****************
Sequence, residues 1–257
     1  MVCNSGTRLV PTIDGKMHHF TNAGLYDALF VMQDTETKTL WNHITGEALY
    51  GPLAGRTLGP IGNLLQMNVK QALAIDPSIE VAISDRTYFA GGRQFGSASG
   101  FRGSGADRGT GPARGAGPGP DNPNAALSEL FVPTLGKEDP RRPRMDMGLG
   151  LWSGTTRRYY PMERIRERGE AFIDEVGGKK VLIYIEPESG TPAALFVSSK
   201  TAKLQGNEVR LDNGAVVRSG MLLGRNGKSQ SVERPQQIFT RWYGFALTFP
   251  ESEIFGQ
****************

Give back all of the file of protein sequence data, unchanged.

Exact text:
Sequence, residues 1–257
     1  MVCNSGTRLV PTIDGKMHHF TNAGLYDALF VMQDTETKTL WNHITGEALY
    51  GPLAGRTLGP IGNLLQMNVK QALAIDPSIE VAISDRTYFA GGRQFGSASG
   101  FRGSGADRGT GPARGAGPGP DNPNAALSEL FVPTLGKEDP RRPRMDMGLG
   151  LWSGTTRRYY PMERIRERGE AFIDEVGGKK VLIYIEPESG TPAALFVSSK
   201  TAKLQGNEVR LDNGAVVRSG MLLGRNGKSQ SVERPQQIFT RWYGFALTFP
   251  ESEIFGQ